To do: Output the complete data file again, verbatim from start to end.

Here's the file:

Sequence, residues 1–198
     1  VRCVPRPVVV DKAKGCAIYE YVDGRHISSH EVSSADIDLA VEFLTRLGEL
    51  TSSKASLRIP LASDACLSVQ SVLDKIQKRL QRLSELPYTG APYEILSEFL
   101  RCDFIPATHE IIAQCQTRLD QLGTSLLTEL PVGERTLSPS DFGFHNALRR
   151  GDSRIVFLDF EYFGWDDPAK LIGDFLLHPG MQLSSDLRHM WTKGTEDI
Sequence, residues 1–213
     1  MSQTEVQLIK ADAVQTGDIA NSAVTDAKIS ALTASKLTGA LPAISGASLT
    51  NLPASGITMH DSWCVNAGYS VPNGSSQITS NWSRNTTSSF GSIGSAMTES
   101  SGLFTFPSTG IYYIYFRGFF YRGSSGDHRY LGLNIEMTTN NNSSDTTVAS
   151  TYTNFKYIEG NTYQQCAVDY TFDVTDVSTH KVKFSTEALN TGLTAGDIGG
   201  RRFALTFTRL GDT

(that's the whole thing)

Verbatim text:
Sequence, residues 1–198
     1  VRCVPRPVVV DKAKGCAIYE YVDGRHISSH EVSSADIDLA VEFLTRLGEL
    51  TSSKASLRIP LASDACLSVQ SVLDKIQKRL QRLSELPYTG APYEILSEFL
   101  RCDFIPATHE IIAQCQTRLD QLGTSLLTEL PVGERTLSPS DFGFHNALRR
   151  GDSRIVFLDF EYFGWDDPAK LIGDFLLHPG MQLSSDLRHM WTKGTEDI
Sequence, residues 1–213
     1  MSQTEVQLIK ADAVQTGDIA NSAVTDAKIS ALTASKLTGA LPAISGASLT
    51  NLPASGITMH DSWCVNAGYS VPNGSSQITS NWSRNTTSSF GSIGSAMTES
   101  SGLFTFPSTG IYYIYFRGFF YRGSSGDHRY LGLNIEMTTN NNSSDTTVAS
   151  TYTNFKYIEG NTYQQCAVDY TFDVTDVSTH KVKFSTEALN TGLTAGDIGG
   201  RRFALTFTRL GDT